Rumors of a possible bid for Rockwell Automation resurfaced last month as the stock dipped towards its 52-week low of $50. The price reflects investor and analyst suspicions that Rockwell, along with other automation vendors, will suffer as the economic woes build up in both the U.S. and Europe. Rockwells own assertion back in April that it could expect an upturn in Europe and steady market conditions in North America had already drawn the observation from one analyst, Nick Heymann of Sterne Agee, that These guys are flying magic carpets.
Although other vendors have been mentioned as possible targets, Rockwell seems to be top of the list because of its combination of a lacklustre stock price, a broad range of products and its presence in more than 80 countries, said a Chicago Tribune report. Meanwhile Rockwell president and CEO Keith Nosbusch continues to argue that an independent Rockwell is more valuable than it would be either merged or acquired.
Most frequently named suitors are still ABB and Siemens, although both might face anti-trust problems and are in any case in the throes of various top-level management crises. Also being mentioned as a possible acquirer is Yokogawa, though Jim Pinto argues that the Japanese dont know how to do large scale acquisitions.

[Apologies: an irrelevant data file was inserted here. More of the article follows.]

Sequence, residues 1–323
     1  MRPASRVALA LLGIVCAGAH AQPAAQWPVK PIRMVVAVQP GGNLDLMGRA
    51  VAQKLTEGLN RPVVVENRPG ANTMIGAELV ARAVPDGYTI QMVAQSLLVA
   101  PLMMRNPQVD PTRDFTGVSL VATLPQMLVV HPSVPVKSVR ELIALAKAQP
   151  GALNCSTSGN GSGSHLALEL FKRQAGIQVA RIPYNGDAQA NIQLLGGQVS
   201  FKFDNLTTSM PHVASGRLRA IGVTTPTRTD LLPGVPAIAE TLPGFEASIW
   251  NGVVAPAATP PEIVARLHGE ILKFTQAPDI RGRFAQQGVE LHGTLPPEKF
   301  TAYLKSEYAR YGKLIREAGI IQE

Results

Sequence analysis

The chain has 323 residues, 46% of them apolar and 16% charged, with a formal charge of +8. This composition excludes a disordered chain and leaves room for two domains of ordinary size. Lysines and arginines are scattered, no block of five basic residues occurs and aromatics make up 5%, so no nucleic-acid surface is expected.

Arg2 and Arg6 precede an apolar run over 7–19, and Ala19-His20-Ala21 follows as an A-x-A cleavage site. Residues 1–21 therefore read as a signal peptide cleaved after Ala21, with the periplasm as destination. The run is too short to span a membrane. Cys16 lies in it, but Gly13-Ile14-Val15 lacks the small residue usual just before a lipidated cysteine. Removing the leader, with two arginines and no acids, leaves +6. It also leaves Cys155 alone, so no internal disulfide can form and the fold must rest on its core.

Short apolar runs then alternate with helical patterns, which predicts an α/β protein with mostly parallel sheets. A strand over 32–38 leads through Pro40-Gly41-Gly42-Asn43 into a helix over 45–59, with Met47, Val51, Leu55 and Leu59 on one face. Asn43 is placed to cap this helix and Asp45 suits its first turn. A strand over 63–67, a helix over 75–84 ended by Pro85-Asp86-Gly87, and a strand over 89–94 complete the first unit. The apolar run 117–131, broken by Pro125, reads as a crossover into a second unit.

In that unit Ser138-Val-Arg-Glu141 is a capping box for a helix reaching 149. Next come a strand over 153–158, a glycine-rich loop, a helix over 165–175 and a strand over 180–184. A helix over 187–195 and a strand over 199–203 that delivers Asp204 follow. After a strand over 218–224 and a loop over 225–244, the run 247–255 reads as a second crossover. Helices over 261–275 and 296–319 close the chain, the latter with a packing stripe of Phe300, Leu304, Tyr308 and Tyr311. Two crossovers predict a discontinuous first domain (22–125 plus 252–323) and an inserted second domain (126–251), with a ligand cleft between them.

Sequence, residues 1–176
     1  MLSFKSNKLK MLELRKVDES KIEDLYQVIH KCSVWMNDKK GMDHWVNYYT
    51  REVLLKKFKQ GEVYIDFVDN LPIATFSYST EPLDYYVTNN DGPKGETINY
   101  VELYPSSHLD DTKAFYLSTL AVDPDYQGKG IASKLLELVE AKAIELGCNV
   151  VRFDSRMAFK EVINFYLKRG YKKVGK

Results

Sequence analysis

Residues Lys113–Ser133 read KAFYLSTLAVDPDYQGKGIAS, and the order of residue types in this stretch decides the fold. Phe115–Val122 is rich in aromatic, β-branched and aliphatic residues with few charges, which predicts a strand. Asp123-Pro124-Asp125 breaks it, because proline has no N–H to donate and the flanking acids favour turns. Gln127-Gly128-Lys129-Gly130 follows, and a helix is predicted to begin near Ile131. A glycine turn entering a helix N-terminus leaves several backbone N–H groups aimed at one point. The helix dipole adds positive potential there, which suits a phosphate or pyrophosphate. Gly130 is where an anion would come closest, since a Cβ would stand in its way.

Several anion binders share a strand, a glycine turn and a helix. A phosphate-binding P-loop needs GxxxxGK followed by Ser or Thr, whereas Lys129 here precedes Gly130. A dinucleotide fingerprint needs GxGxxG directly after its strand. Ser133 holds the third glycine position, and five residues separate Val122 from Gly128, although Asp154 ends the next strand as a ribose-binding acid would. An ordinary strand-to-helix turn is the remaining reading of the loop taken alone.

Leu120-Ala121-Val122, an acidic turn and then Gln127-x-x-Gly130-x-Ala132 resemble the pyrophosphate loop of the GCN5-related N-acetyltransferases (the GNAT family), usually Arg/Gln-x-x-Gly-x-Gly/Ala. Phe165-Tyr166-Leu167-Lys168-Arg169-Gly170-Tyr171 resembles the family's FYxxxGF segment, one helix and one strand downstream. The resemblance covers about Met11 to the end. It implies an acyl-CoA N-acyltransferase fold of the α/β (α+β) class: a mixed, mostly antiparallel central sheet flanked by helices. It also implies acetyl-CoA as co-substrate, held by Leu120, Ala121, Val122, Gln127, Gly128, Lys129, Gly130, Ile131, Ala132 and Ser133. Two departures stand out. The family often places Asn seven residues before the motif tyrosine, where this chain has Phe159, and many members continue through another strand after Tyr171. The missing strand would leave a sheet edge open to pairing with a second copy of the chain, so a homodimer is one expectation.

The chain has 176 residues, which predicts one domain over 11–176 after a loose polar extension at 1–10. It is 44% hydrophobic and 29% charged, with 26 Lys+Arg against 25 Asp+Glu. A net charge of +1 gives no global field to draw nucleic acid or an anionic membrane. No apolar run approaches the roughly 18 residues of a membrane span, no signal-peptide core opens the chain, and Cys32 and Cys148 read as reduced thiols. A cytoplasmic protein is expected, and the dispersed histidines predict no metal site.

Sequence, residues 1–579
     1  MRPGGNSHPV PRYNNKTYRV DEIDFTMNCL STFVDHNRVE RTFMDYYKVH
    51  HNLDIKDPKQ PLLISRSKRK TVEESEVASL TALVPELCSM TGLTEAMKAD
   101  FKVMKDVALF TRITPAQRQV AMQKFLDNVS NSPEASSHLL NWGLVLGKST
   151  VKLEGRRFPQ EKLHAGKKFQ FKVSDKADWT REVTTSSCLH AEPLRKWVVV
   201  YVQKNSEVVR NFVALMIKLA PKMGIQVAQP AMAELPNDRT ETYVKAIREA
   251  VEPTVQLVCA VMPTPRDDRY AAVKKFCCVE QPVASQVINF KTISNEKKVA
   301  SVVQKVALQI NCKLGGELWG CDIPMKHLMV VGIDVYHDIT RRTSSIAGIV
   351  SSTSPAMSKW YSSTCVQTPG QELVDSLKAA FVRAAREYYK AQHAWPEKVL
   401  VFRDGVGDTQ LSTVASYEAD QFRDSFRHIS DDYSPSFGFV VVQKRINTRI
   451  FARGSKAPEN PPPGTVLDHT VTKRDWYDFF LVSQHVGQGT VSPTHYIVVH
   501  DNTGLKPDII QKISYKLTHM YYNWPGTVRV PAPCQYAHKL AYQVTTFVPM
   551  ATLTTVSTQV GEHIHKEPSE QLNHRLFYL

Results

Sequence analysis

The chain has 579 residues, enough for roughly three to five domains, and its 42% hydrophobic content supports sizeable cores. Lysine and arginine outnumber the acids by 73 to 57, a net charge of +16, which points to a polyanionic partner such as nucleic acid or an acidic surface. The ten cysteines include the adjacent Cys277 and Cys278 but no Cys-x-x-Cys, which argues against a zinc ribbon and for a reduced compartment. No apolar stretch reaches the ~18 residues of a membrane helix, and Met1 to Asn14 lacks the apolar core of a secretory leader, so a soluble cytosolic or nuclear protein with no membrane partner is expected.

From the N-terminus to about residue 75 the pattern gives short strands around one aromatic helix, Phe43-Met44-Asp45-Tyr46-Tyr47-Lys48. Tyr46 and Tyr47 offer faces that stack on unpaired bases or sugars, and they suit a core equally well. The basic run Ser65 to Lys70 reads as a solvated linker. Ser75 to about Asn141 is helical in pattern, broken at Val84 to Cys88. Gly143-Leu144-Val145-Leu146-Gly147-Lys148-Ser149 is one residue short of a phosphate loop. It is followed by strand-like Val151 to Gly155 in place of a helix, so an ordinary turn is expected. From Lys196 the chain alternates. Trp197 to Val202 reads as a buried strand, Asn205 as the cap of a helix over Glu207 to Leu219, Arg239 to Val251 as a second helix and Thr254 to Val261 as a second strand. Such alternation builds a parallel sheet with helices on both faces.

Not everyone is convinced by these arguments, however. Automation World editor Gary Mintchell, for example, worries about being dubbed a Rockwell cheerleader, but nevertheless argues in his Feed Forward blog (http://www.automationworld.com/) that Nosbusch knows exactly what hes doing, and that Kevin Roachs Rockwell Software are one of the few software companies in this space that is really moving forward. Mintchell concludes that those who dismiss Nosbusch and Rockwell do so at their own peril.
In a way of course, thats the whole point, Gary. If Rockwell is as good as you say, despite our disagreement over the significance of its current process initiatives, then the stock price cant help but put it in the frame.